Chapter 1

Chapter 1

Introduction and background to the bill

Referral and conduct of the inquiry

1.1        On 25 February 2016, the Senate referred the provisions of the Tax and Superannuation Laws Amendment (2016 Measures No. 1) Bill 2016 (the bill) to the Senate Economics Legislation Committee for inquiry and report by 10 March 2016.[1] The bill was introduced into the House of Representatives on 10 February 2016 by the Treasurer, the Hon Scott Morrison MP.

1.2        The committee advertised the inquiry on its website and received six submissions. A list of the submissions received is at Appendix 1.

1.3        The committee received several pieces of correspondence from stakeholders noting that the short amount of time between the bill's referral and the committee's reporting date meant that they were unable to prepare written submissions.

Structure of report

1.4        This report comprises three chapters. The remaining part of this chapter provides an overview of the bill. The second chapter discusses the proposed changes in Schedule 1 of the bill. The third and final chapter considers the proposed changes contained in Schedules 2 and 3 of the bill. The committee's overall conclusion is at the end of chapter 3.

Explanatory memorandum

1.5        Many of the changes proposed by the bill are highly technical in nature. While this goes some way to explaining the length and density of the explanatory memorandum (EM), the committee encourages the Departments involved in the production of these documents to remember their purpose—namely, to clarify for members, Senators and the general public the purpose and the operation of the proposed amendments in the bill. Given the provisions of this bill affect domestic and international businesses, as well as small and medium agriculture business, the EM could have been clearer and more informative.

The Senate Standing Committee for the Scrutiny of Bills

1.6        The Senate Standing Committee for the Scrutiny of Bills assesses legislative proposals against a set of accountability standards that focus on the effect of proposed legislation on individual rights, liberties and obligations, and on parliamentary propriety. The Scrutiny of Bills Committee considered the bill, but had no comment to make.[2]   

Purpose of bill

1.7        The bill has three schedules, and 10 parts in total. Schedule 1 of the bill extends the Goods and Services Tax (GST) to digital products and other services imported by consumers. GST will be collected by international businesses with Australian revenue greater than $75,000 and remitted to the Australian Tax Office. This measure will go some way to ensuring that Australian companies are competing without a tax disadvantage, and that Australia's GST revenue base does not erode with the growth of the availability of digital content.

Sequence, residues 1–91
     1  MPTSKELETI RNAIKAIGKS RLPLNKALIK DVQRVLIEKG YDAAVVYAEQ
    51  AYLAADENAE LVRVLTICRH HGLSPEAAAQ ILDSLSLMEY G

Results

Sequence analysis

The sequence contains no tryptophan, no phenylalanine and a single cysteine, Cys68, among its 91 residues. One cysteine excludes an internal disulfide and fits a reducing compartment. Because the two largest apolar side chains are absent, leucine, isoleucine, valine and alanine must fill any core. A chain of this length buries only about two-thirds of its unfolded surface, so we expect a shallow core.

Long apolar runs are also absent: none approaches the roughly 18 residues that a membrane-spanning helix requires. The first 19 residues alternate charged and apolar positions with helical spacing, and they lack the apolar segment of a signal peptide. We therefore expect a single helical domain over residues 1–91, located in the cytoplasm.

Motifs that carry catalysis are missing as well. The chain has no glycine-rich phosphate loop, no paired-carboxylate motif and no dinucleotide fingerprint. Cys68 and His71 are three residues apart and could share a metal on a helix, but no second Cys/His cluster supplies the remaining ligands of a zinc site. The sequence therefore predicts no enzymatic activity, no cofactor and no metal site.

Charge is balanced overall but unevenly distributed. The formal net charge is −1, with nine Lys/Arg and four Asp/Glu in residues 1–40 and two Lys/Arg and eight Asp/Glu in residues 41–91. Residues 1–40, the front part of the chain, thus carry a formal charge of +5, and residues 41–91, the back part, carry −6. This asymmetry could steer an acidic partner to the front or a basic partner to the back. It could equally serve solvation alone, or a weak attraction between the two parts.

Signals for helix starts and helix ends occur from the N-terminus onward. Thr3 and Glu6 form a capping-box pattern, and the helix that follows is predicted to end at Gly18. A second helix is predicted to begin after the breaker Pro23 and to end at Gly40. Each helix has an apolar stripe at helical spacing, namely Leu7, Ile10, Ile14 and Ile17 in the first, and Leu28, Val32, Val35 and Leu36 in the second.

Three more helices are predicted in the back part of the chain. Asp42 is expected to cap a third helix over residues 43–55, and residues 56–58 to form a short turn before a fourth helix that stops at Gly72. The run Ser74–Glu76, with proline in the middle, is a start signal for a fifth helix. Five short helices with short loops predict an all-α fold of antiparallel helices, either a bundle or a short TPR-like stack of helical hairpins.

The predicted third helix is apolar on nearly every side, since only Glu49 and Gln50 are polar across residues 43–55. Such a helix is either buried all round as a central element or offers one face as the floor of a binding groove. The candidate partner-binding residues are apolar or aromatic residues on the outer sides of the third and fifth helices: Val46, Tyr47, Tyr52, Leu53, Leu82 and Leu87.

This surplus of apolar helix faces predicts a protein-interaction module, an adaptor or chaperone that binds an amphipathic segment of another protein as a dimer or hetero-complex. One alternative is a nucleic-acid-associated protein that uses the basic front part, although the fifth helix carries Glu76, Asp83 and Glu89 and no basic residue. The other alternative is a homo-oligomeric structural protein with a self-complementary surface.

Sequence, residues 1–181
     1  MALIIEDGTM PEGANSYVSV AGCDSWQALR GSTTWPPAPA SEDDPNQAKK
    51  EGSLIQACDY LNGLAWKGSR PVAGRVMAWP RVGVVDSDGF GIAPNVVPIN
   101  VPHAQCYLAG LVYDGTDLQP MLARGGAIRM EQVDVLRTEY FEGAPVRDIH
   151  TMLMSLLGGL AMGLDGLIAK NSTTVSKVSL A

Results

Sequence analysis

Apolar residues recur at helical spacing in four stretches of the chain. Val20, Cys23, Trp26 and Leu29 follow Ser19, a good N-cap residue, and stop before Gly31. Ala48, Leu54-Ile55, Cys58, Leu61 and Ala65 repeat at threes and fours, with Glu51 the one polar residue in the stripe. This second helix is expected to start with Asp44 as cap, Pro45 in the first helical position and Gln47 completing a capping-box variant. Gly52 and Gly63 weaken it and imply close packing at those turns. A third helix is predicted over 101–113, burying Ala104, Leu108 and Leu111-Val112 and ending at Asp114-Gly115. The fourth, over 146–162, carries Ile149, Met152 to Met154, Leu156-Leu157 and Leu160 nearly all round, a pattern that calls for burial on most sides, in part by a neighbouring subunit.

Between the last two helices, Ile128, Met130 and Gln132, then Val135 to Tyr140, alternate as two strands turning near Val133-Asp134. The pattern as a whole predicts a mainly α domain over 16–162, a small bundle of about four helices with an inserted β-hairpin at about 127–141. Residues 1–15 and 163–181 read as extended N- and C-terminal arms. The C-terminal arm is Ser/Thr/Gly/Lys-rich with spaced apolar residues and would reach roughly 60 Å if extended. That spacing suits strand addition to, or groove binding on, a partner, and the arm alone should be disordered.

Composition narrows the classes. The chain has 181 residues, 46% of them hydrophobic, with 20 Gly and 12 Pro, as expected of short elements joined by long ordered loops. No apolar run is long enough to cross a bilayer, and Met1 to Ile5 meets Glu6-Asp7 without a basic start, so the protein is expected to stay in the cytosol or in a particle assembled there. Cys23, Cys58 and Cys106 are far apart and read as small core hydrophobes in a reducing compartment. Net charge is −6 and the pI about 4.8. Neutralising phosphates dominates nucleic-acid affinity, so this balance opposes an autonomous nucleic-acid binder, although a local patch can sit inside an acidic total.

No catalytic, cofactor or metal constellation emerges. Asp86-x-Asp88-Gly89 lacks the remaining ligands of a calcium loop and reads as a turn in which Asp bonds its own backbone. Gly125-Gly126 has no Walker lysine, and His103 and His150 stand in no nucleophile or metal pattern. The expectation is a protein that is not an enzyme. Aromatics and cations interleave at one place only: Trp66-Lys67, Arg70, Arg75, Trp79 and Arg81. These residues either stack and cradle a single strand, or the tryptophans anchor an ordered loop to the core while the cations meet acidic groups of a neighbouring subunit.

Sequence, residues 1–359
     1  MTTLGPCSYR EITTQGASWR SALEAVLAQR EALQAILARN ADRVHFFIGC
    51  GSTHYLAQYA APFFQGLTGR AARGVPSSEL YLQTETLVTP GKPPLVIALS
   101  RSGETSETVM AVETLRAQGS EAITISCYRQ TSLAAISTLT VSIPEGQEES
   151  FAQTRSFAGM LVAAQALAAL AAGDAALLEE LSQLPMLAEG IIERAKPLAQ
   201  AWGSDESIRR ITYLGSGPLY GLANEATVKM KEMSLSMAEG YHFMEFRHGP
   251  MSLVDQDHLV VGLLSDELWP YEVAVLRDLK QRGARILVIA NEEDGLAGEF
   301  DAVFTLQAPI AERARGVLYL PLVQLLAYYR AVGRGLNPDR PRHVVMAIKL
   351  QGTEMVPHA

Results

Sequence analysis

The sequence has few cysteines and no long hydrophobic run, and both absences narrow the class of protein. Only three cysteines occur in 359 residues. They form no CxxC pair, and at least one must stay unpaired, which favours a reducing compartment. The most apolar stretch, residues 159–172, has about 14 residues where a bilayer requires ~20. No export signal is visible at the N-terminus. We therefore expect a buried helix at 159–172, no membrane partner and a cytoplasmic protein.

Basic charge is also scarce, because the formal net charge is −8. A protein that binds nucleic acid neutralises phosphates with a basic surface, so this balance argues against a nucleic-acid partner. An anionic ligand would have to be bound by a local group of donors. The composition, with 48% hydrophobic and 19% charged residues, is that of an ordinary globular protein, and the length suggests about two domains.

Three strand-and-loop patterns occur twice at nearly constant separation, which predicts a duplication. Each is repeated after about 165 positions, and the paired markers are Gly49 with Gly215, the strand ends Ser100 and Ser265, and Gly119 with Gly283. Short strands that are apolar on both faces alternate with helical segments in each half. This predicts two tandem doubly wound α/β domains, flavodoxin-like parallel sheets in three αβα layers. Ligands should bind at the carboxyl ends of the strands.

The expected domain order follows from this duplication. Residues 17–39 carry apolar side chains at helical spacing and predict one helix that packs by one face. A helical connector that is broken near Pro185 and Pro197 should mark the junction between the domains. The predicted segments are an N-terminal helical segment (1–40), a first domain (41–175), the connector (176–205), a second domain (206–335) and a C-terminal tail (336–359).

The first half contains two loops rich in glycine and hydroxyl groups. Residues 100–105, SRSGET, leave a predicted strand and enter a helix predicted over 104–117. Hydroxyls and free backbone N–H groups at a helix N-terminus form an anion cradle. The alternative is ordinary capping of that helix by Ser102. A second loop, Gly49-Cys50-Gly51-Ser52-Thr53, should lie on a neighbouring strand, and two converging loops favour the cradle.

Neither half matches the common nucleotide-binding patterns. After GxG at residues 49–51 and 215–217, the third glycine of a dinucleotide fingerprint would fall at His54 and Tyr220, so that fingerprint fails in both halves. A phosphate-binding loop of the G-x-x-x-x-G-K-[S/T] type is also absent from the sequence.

1.8        Schedule 2 amends the GST treatment of cross-border transactions between businesses to minimise the number of non-resident businesses required to register for GST purposes. This measure reduces regulatory burdens on non-resident businesses wishing to do business in Australia on a non-permanent basis.

1.9        Schedule 3 amends the administration of Farm Management Deposits (FMD) to raise the deposit cap and makes allowances for early withdrawal in times of severe drought. The changes will also facilitate the use of funds in FMDs to offset the interest on loans related to a primary production business.

Financial implications

1.10      The bill has a net financial impact of $340 million over the forward estimates. This figure includes the collection of $350 million through expanding the scope of GST collections to digital goods and services, and additional costs of $10 million caused by raising the FMD deposit cap.[3]

Regulation Impact Statement

1.11      Extending the GST to digital products and other imported services is reported to have 'some transitional and ongoing compliance costs', whereas the changes in Schedules 2 and 3 are reported to only have minor transitional compliance costs.[4]

Human rights

1.12      According to the Explanatory Memorandum, the bill is compatible with human rights as 'it does not raise any human rights issues'.[5]


1.13      The committee thanks all those who contributed to the inquiry.

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